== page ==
Acquisition entrepreneurs start by buying an existing business instead of starting one from scratch. From there, they build value through an entrepreneurial approach. The combination of an existing small business’ profitable and sustainable infrastructure with the innovation and drive of an entrepreneur is a magical recipe.

The main benefit of acquisition entrepreneurship is that existing companies are already established with customers, brand awareness, employees, and most importantly, revenue and profits—everything a startup doesn’t have.

Instead of having to raise money for months (often years) while also trying to build sales from scratch with a new product, the acquisition entrepreneur acquires a profitable infrastructure from which to begin.

Existing businesses provide established markets, so they don’t have to worry whether they are too early or whether another company with more funding will beat them to market share—or in some cases, worry about creating a market from scratch.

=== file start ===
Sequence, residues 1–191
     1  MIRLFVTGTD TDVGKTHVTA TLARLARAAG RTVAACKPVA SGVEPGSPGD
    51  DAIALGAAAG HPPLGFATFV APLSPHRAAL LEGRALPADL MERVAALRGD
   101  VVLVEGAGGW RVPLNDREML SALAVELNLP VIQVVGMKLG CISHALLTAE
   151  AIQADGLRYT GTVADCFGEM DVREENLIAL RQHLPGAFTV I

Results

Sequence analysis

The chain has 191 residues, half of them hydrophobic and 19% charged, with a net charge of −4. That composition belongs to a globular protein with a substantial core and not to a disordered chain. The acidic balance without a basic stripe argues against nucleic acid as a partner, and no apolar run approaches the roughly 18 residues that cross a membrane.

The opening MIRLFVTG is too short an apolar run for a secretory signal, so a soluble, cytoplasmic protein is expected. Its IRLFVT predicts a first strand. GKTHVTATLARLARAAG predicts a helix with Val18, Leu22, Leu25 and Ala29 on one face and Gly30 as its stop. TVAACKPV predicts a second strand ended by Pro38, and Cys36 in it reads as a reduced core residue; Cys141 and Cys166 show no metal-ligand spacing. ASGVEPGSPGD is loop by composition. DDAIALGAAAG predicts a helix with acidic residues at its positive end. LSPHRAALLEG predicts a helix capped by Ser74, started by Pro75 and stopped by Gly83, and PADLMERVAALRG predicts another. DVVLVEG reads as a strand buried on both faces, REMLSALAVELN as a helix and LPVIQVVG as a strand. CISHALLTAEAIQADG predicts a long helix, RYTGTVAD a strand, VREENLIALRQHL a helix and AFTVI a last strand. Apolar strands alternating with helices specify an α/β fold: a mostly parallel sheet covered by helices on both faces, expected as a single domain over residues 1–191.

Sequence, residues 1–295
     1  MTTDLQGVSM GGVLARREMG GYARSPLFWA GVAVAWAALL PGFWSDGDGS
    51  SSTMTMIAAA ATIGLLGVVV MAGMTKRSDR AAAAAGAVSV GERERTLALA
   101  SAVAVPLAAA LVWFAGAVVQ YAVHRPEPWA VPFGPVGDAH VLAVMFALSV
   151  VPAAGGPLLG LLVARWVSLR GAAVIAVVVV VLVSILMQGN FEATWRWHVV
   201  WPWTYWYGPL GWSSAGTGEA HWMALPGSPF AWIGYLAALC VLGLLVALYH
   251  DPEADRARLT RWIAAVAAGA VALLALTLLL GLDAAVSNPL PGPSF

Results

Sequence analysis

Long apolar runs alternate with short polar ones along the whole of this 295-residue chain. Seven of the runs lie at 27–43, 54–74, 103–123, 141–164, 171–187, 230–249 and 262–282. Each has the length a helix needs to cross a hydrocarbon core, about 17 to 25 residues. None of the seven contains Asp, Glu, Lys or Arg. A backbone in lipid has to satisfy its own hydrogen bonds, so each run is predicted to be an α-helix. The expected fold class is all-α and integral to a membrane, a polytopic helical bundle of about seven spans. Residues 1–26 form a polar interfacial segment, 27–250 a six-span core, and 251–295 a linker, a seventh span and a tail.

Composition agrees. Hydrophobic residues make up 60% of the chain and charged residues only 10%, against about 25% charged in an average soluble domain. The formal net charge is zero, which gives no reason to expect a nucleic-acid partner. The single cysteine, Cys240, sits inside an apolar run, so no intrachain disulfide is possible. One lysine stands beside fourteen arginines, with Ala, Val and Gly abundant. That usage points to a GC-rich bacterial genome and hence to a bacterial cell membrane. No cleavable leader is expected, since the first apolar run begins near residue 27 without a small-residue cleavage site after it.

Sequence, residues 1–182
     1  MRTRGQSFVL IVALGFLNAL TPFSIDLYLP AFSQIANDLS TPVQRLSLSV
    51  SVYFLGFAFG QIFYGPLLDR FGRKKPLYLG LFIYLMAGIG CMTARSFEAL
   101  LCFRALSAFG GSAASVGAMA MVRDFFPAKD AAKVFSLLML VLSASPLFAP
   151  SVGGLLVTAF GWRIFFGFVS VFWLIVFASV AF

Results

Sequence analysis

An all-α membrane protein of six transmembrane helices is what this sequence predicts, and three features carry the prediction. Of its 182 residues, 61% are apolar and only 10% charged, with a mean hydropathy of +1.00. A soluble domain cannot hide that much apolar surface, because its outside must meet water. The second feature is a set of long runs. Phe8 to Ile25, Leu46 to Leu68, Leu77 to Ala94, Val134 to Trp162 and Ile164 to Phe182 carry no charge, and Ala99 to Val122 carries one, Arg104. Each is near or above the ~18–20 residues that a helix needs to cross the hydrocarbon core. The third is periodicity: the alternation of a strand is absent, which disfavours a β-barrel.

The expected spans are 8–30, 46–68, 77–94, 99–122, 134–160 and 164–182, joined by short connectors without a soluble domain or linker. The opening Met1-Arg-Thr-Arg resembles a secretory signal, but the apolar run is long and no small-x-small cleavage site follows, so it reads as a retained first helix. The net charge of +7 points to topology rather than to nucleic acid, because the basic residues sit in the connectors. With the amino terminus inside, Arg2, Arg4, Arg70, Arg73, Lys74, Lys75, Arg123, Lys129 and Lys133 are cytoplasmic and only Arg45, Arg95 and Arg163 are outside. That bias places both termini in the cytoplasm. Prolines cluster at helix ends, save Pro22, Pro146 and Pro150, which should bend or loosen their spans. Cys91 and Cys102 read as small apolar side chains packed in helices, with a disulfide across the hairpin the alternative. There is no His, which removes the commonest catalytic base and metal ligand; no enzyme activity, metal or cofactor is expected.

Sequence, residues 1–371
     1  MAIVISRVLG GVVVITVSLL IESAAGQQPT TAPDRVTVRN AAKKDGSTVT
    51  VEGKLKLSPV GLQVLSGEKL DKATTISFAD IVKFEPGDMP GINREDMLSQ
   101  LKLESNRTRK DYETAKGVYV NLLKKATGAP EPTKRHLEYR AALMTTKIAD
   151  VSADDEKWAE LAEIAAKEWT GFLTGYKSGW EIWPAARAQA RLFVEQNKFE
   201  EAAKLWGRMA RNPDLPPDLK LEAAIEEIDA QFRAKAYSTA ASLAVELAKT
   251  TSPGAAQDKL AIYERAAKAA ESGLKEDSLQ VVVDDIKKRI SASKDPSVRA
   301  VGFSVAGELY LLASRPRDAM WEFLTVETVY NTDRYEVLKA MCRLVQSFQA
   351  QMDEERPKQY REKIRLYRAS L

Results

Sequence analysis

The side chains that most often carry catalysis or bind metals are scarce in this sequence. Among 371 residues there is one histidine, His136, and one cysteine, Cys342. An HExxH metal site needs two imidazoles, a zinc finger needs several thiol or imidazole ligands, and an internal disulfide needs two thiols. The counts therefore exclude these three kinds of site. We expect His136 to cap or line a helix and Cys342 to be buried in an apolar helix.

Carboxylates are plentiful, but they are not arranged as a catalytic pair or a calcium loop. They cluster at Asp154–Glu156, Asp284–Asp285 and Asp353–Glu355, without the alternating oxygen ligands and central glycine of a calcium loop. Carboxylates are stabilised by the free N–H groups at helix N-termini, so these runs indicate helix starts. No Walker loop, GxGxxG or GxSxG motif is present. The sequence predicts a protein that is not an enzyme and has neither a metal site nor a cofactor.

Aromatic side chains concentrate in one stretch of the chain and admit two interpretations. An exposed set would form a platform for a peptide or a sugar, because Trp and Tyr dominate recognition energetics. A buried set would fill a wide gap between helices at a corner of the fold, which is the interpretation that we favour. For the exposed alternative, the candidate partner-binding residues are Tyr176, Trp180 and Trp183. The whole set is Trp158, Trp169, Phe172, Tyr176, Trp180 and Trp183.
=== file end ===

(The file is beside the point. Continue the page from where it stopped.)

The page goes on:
This is the key advantage of acquisition entrepreneurship. Through bypassing the painstaking process of building a startup, in the hope that it will be one of the miniscule percentage of new businesses that achieves both scale and impact, you can choose to buy an existing company with potential to grow and develop.

It’s the perfect way to combine investment with entrepreneurship.

Get the full story here.

Picture of Walker Deibel

Walker Deibel

Walker Deibel is an entrepreneur and advisor. He is the author of Buy Then Build: How Acquisition Entrepreneurs Outsmart the Startup Game and Creator of Acquisition Lab.